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The task is to test the following series for convergence/ divergence: $$\sum_{n=1}^\infty \frac{(a+nx)^n}{n!}$$

Now, I have been able to use the Ratio Test and establish that the series converges for $x<1/e$ and diverges for $x>1/e$, but testing the series at $x=1/e$ has been a little more challenging. Could someone tell me how I might get the job done?

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  • $\begingroup$ I think you will need Stirling formula. $\endgroup$ – hamam_Abdallah Jan 15 '19 at 19:47
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Let $x=\frac{1}{e}$. Since $$ \frac{(a+\frac{n}{e})^n/n!}{(\frac{n}{e})^n/n!}=\left(1+\frac{ae}{n}\right)^n\to e^{ae}, $$ by the comparison test, $\sum_{n=1}^\infty a_n<\infty $ if and only if $\sum_{n=1}^\infty \frac{(\frac{n}{e})^n}{n!}<\infty$. So we may assume that $a=0$. By Stirling's formula, we have $$\lim_{n\to\infty}\frac{n!}{\sqrt{2\pi n}(\frac{n}{e})^n}=1.$$ Since it is a positive sequence with a positive limit, the sequence should be bounded away from $0$ (i.e. have a positive infimum) and have a bounded supremum. So there exist $c>0$ and $C>0$ such that $$c\le \frac{\sqrt{n}(\frac{n}{e})^n}{n!}\le C, $$or equivalently $$ \frac{c}{\sqrt{n}}\le \frac{(\frac{n}{e})^n}{n!}\le \frac{C}{\sqrt{n}}. $$ Since $\sum_n \frac{1}{\sqrt{n}}=\infty$, the series diverges for $x=\frac{1}{e}$.

If $x=-\frac{1}{e}$, then the series becomes alternating eventually. Therefore, the series converges if and only if $|a_n|\to 0$ as $n\to \infty$. And this follows immediately from Stirling's formula: $$\begin{eqnarray} \lim_{n\to\infty}|a_n|&=& \lim_{n\to\infty}\frac{(\frac{n}{e}-a)^n}{n!}\\ &=&\lim_{n\to\infty}\frac{(\frac{n}{e}-a)^n}{\sqrt{2\pi n}(\frac{n}{e})^n}\\ &=&\lim_{n\to\infty}\frac{1}{\sqrt{2\pi n}}\left(1-\frac{ae}{n}\right)^n=0. \end{eqnarray}$$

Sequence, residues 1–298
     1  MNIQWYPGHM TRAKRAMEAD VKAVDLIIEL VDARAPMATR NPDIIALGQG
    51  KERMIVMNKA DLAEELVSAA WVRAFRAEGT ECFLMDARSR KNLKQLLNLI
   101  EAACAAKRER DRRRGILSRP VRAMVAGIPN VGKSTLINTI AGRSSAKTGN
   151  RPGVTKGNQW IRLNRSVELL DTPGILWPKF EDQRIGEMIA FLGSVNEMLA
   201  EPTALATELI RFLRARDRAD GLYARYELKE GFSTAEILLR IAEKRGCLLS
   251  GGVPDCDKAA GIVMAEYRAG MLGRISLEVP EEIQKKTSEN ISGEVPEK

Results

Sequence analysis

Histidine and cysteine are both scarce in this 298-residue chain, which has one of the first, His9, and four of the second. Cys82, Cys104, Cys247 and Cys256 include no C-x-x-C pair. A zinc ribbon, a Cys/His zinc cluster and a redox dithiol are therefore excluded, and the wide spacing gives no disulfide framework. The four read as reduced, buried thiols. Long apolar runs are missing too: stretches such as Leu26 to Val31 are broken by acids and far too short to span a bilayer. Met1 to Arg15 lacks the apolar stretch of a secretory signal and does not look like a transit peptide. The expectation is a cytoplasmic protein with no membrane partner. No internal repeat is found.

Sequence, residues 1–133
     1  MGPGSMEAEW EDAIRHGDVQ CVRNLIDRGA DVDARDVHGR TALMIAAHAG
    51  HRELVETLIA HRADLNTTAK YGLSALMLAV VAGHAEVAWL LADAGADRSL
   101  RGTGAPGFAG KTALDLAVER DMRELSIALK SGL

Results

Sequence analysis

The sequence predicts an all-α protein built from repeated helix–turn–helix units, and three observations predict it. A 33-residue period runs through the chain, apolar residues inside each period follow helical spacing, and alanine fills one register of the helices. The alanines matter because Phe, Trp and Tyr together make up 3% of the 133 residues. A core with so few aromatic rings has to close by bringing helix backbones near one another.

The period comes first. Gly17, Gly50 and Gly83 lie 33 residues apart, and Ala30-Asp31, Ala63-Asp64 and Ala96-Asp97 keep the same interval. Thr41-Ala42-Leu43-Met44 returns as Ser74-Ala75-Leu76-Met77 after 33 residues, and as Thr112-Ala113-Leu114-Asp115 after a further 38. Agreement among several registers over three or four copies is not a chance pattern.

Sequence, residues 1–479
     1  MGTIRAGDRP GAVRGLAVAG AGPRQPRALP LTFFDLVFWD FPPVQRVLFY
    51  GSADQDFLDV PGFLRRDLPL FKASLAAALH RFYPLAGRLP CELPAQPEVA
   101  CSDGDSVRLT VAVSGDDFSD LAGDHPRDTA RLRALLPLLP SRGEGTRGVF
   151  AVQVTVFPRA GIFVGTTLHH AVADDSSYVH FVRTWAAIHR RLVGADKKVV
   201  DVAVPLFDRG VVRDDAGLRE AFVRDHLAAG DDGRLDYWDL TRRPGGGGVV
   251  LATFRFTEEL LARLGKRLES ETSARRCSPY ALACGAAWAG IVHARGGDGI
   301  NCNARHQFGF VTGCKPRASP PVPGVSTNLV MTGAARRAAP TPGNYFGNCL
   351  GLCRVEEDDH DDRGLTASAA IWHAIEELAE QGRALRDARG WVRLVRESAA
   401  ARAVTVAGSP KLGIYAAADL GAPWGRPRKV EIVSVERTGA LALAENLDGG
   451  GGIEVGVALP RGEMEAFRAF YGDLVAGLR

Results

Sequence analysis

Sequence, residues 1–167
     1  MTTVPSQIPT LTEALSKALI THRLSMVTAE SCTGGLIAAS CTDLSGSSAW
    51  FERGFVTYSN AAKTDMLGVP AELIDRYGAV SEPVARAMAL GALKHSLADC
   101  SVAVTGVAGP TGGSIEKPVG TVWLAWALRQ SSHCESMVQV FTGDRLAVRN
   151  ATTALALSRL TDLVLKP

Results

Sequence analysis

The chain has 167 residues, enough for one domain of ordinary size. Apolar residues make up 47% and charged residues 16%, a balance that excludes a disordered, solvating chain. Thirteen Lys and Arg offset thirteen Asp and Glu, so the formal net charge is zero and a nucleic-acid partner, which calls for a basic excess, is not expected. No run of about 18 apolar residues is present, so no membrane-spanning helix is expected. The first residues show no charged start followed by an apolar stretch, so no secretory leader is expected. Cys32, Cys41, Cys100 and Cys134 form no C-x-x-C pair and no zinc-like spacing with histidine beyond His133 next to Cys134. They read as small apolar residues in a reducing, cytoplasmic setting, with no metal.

There is an alternative approach avoiding use of Stirling's formula. Note that by Taylor series expansion, we have $$ \log(1+t) = t-\frac{t^2}{2}+o(t^2). $$ This implies that there exists $\delta>0$ such that $$ \exp\left(t-ct^2\right)\le 1+t\le \exp\left(t-Ct^2\right),\quad\forall 0\le t\le \delta $$ for some $c\in (\frac{1}{2},1)$ and $C\in (0,\frac{1}{2})$. Let $$a_n = \frac{(\frac{n}{e})^n}{n!}.$$ Then $$ \frac{a_{n+1}}{a_n}=\frac{1}{e}\left(1+\frac{1}{n}\right)^n, $$ and hence $$ \exp\left(-\frac{c}{n}\right)\le\frac{a_{n+1}}{a_n}\le \exp\left(-\frac{C}{n}\right) $$ for all sufficiently large $n$. This gives for all large $n$, $$ k\exp\left(-c\sum_{j=1}^{n-1}\frac{1}{j}\right)\le a_n\le K\exp\left(-C\sum_{j=1}^{n-1}\frac{1}{j}\right) $$ for some $k>0$ and $K>0$. Using the fact that $\int_j^{j+1}\frac{dt}{t}\le\frac{1}{j}=\int_{j-1}^j\frac{1}{j}dt\le\int_{j-1}^j\frac{dt}{t}$ for $j\ge 2$, we have $$ \log n=\int_1^n\frac{dt}{t}\le\sum_{j=1}^{n-1}\frac{1}{j}\le 1+\int_1^{n-1}\frac{dt}{t}\le 1+\log n. $$ This in turn implies $$ ke^{-c}\frac{1}{n^c}\le a_n \le \frac{K}{n^C}. $$ Now, if $x=\frac{1}{e}$, then $\sum_n a_n =\infty$ follows from $a_n\ge ke^{-c}\frac{1}{n^c}$ for all but finitely many $n$. If $x=-\frac{1}{e}$, then $\frac{|a-\frac{n}{e}|^n}{n!}\to 0$ follows from $$\begin{eqnarray} \lim_{n\to\infty}\frac{|a-\frac{n}{e}|^n}{n!}&=& \lim_{n\to\infty}\frac{(\frac{n}{e}-a)^n}{n!}\\ &=&e^{-ae}\lim_{n\to\infty}a_n\\ &\le&e^{-ae}\lim_{n\to\infty}\frac{K}{n^C}=0. \end{eqnarray}$$

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  • $\begingroup$ Could you further elaborate on the part where you introduce c and C? $\endgroup$ – s0ulr3aper07 Jan 15 '19 at 22:06
  • $\begingroup$ @s0ulr3aper07 I hope this makes it clear ... $\endgroup$ – Song Jan 15 '19 at 22:37
  • $\begingroup$ Re: Stirling's Formula. For many problems like this, it suffices that $L=\lim_{n\to \infty} (n!)^{-1}(n/e)^n \sqrt n$ exists and is positive. That $L=1/\sqrt {2\pi}$ takes a lot more work to prove. $\endgroup$ – DanielWainfleet Jan 16 '19 at 21:48
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When $x=1/e$ the numerator is equivalent (as $n\to \infty$) to $(n/e)^n$. Using Stirling's formula for $n!$ your general term is equivalent to $1/\sqrt{2\pi n}$ and your series is therefore divergent.

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    $\begingroup$ And what happens if $x=-1/e$? ;-)) $\endgroup$ – Mark Viola Jan 15 '19 at 20:10

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